Drama and beauty are fused together at the Fiordland National Park in South Island, New Zealand. Spread over an area of 12,607 square kilometres, Fiordland features a gorgeous natural phenomenon wherever you look. On the one hand you have incredible ancient forests that cling possessively to the mountain slopes, on the other waterfalls that tumble slip and relinquish themselves to the gigantic fiords. All of this glory lies in the shadow and shimmer of snow-capped mountains.
The park is located in the Southwest Corner of the South Island of New Zealand. The main base of the park is located at the small town of Te Anau, which is 171 kilometres southwest of Queenstown. Te Anau is well-equipped with hotels, cafes and other conveniences that tourists may need after their visit to the park.
Tel: +64 3 249 8900
Hours: Between 8:30 AM-5:00 PM (these fluctuate).
Timings: Fiordland National Park is open every day of the year.
1st May to 22nd October: 8:00 AM – 4:30 PM.
23rd October to 30th April: 8:00 AM- 05:00 PM.
Christmas Day: 8:30 AM – 11:30 AM.
The park is home to 14 fiords (steep valleys) that stretch across 215 kilometres of the coastline. This lush land is one of the most visited areas of New Zealand – by both locals and tourists alike. Nearly 1 million people have visited Fiordland in 2019. With attractions like the iconic Milford Sound, Doubtful Sound, Dusky Sound, the Te Anau Glowworm Caves and more, the park is an open invitation to gawk at the wonder of nature.
There are different ways to reach the national park – suitable for every budget.
By Car: Drive from Queenstown to Te Anau via State Highway 6 or you can choose State Highway 94. The latter is a longer route, which takes more than 2.5 hours, however it is extremely scenic.
By Plane: During the summer season, you have the option of three flights a week that go from Queenstown to the Te Anua airport. If you’re flying from Auckland and Wellington, the closest airports to fly to are Queenstown, Dunedin and Invercargill.
By Bus: From Queenstown to Te Anua you can catch the daily bus to the national park.
Mother Nature must be an artist, because Fiordland National Park is a masterpiece. Featuring 14 different fiords, including the iconic Milford Sound, the park is a smorgasbord of natural wonders. The Māori’s believe that this area was crafted by the demi-God Tu-te-raki-whanoa. Whatever its origins, Fiordland National Park is a treasure trove. An area that represents biodiversity at its best.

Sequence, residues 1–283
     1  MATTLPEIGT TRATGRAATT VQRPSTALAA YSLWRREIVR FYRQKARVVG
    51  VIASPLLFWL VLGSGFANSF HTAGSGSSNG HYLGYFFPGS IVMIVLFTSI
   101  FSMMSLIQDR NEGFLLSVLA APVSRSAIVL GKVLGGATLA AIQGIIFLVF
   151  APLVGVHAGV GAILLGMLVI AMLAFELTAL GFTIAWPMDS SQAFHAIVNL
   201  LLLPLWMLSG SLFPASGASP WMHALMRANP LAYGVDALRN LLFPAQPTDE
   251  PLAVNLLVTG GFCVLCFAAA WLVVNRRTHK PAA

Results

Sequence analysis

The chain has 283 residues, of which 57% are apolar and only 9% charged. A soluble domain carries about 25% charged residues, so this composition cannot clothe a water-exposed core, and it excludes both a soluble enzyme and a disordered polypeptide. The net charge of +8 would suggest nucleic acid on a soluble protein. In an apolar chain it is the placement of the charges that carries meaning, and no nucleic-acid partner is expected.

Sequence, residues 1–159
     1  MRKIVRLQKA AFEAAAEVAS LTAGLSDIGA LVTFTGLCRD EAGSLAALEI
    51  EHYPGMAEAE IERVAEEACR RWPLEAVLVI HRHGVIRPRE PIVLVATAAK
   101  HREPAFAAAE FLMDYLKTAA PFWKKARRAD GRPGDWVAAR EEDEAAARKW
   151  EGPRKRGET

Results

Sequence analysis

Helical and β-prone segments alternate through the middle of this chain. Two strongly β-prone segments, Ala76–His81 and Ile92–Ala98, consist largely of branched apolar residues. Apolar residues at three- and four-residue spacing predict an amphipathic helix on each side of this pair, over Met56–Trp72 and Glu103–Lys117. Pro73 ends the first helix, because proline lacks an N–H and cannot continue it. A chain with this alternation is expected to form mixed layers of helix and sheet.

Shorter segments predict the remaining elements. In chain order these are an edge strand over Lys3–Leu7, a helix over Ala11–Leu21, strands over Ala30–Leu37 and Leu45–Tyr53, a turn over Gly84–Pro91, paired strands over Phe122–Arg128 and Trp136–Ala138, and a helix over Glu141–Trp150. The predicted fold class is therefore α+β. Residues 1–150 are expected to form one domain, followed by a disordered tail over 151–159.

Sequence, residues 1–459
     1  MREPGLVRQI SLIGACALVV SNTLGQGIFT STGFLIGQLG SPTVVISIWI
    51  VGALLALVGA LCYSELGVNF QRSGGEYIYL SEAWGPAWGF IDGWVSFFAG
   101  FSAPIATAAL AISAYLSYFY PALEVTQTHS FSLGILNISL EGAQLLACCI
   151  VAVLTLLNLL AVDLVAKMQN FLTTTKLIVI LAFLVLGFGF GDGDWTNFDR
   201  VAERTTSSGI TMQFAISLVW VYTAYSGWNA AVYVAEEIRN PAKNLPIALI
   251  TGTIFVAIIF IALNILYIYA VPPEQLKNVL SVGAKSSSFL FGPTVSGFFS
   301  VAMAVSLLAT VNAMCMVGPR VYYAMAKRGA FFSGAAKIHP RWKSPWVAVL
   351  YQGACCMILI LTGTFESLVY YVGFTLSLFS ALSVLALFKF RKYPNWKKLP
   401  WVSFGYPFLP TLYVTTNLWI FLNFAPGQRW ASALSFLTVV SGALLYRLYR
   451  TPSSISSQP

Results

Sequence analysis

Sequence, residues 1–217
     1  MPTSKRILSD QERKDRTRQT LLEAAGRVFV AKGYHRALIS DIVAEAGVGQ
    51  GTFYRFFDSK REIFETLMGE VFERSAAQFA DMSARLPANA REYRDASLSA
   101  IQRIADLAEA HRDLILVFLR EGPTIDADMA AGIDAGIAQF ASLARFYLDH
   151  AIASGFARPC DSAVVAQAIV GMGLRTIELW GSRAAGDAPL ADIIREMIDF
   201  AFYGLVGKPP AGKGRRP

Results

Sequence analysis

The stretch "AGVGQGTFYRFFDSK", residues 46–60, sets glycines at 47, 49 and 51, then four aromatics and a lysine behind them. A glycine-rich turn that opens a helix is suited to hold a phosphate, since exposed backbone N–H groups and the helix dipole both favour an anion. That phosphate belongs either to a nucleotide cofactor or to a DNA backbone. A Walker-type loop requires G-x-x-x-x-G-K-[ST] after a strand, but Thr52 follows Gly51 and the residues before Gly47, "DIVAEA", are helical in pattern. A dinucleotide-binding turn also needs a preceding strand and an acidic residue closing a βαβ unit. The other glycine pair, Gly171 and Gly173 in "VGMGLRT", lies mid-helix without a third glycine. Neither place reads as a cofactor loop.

The land itself is covered with ancient trees and rocks that have witnessed more than we could in a thousand lifetimes. The forests, lakes and the coastline are home to some of the most beautiful and rare birds and animals. On your trip to the park, you’ll encounter seal pups, penguins, dolphins and even the occasional whale breaching the water. A trek through the forests will reveal all kinds of shrubs, tree ferns, mosses, lichens, silver beech trees, alpine daises, herbs, buttercups and even bright purple fungi. The lovely black coral trees in this area are over 200 years old.
The park is the perfect playground for all those with a deep appreciation for nature. The skies, the water, the forests and the mountains are yours to explore. Take a scenic flight via helicopter, float plane or vintage biplane. Sail over the Manapouri and Te Anau lakes on a cruise. Experience the beauty of Milford Sound on an overnight cruise. Slip into the earth’s glowing embrace as you tour the famous glow worm caves in the region. Take a scenic road trip to Milford Sound, via the gorgeous Milford Road. Go scuba diving in one of the fiords. Kayak your way to the gushing waterfalls. Go fishing on the lake. Wake up at the crack of dawn and photograph the sunrise over Milford Sound. Each new day is a new adventure at Fiordland Park. One visit will never be enough.